Indonesia’s capital could no longer be overcrowded, sinking and polluted Jakarta after the country’s president approved a long-term plan to move the capital elsewhere.
The plan, approved by President Joko Widodo at a special Cabinet meeting on Monday, will move the capital outside of the main island of Java; however, the exact location is still to be decided and could take up to 10 years to implement, the country’s planning minister Bambang Brodjonegoro said.
Jakarta has a population of about 30 million in its greater metropolitan area. Meanwhile, the island of Java is only the fourth largest in Indonesia and is home to more than 140 million people.
Children fish at a drainage pipe on a polluted canal in Jakarta, Indonesia November 18, 2016. Picture taken November 18, 2016.REUTERS/Darren Whiteside – S1BEUNQMJAAA
Other alternatives include moving the capital to a location near Jakarta or even staying put and relocating all government buildings to a special zone around the presidential palace.
Palangkaraya on the island of Borneo is said to be a favorite to take over as the capital. However, no decision has been made. It is much larger in area than Jakarta and has a population of only around a quarter of a million, Sky News reported.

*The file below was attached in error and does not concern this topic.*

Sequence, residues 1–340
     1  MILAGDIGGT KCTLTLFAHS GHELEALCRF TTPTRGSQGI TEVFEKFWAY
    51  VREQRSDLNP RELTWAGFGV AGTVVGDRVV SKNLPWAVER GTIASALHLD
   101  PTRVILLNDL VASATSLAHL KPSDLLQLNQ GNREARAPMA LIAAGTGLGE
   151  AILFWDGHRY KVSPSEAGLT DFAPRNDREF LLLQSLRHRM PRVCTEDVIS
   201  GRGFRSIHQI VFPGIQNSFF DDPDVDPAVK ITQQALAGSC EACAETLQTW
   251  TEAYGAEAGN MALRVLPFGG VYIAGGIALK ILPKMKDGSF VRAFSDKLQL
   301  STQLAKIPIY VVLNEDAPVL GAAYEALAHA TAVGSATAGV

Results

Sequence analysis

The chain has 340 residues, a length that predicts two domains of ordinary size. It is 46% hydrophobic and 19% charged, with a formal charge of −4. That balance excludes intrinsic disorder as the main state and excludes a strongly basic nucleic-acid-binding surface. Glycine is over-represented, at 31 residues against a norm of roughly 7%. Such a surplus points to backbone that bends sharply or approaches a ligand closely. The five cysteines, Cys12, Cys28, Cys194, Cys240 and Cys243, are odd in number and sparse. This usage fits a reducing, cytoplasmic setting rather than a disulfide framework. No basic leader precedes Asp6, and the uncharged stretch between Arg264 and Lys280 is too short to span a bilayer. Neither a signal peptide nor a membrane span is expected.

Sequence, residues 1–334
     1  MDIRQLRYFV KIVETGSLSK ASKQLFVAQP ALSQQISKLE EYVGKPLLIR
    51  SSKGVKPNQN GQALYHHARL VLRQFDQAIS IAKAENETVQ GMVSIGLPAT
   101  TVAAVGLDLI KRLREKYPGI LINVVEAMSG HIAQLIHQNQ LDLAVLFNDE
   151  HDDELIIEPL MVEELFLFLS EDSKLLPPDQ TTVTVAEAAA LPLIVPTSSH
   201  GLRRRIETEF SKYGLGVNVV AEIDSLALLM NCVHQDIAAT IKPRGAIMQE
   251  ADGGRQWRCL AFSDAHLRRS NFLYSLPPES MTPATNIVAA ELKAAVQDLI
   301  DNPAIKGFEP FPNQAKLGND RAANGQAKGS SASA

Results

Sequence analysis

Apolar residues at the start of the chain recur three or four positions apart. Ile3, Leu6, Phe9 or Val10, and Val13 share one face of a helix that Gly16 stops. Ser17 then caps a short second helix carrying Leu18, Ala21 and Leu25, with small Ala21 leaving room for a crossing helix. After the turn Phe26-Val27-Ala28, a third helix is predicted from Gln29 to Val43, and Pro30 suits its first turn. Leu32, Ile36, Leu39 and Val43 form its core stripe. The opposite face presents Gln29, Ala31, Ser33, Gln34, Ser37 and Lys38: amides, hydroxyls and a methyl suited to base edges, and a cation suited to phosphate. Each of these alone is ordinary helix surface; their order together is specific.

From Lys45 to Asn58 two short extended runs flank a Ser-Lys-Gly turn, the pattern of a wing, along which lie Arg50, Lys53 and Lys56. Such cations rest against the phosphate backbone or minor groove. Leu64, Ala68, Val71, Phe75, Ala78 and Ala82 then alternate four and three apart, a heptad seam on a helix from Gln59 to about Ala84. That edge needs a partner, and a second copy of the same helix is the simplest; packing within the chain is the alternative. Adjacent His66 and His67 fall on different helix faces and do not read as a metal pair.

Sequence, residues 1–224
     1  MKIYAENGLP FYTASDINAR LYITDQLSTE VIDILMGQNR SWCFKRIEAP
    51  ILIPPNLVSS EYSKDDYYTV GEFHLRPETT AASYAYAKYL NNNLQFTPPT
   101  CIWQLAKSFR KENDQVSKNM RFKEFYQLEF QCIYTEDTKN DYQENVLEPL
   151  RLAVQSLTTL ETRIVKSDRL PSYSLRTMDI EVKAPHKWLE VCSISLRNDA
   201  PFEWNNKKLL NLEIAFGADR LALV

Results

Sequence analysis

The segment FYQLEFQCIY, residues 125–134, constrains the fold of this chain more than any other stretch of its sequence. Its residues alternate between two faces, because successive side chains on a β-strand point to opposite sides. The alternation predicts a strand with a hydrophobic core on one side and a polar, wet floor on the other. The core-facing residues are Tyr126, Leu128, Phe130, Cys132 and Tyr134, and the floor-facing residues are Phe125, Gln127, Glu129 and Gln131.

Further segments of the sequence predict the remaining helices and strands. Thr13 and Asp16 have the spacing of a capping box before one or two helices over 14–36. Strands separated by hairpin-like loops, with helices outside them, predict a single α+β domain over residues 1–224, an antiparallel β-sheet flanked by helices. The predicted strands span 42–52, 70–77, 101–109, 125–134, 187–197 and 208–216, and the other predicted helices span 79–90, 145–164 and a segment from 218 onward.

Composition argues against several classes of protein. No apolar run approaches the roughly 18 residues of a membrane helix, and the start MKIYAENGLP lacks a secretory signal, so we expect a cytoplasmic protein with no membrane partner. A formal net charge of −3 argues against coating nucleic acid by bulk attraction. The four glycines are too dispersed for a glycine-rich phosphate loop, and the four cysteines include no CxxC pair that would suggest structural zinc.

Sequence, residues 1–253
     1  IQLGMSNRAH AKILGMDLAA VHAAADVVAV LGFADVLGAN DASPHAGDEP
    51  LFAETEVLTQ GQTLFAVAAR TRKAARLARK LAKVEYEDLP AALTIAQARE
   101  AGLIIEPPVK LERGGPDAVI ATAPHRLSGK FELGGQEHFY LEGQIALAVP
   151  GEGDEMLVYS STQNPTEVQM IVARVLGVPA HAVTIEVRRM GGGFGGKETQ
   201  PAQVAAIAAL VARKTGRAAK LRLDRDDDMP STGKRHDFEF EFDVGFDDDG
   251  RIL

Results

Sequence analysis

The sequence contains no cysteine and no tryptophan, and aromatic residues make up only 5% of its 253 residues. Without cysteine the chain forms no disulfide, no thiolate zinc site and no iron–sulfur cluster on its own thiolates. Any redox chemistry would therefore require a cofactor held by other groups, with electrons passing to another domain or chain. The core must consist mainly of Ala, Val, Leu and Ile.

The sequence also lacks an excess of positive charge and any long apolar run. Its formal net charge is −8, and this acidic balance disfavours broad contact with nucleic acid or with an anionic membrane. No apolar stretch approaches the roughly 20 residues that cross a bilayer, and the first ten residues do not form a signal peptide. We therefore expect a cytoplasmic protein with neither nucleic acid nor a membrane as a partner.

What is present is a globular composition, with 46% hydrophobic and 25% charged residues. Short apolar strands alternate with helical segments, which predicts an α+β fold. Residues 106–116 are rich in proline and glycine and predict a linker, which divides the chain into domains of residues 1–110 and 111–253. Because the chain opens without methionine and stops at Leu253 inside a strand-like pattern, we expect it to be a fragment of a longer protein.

Additionally, it would shift Indonesia’s capital close to its geographic center.
"This is a big job, impossible to take just one year, it could take up to 10 years," Brodjonegoro said.
The idea of relocating the capital away from Jakarta has been proposed for decades.
Indonesia’s decades-long discussion about building a new capital has inched forward after President Joko Widodo approved a long-term plan for the government to abandon overcrowded, sinking and polluted Jakarta. (AP Photo/Dita Alangkara)
Jakarta is the archetypical Asian mega-city creaking under the weight of its dysfunction. Only 4 percent of Jakarta’s wastewater is treated, according to the government, causing massive pollution to rivers and contaminating the groundwater that supplies the city.
Before the Cabinet meeting, Widodo said other countries such as Malaysia, South Korea, and Brazil set up new capitals as part of their development as nations.
"The idea to move the capital city appeared long ago," he said. "But it has never been decided or discussed in a planned and mature manner."
Improving inadequate infrastructure in the country of 260 million has been Widodo's signature policy and helped him win a second term in elections earlier this month.
The Associated Press contributed to this report.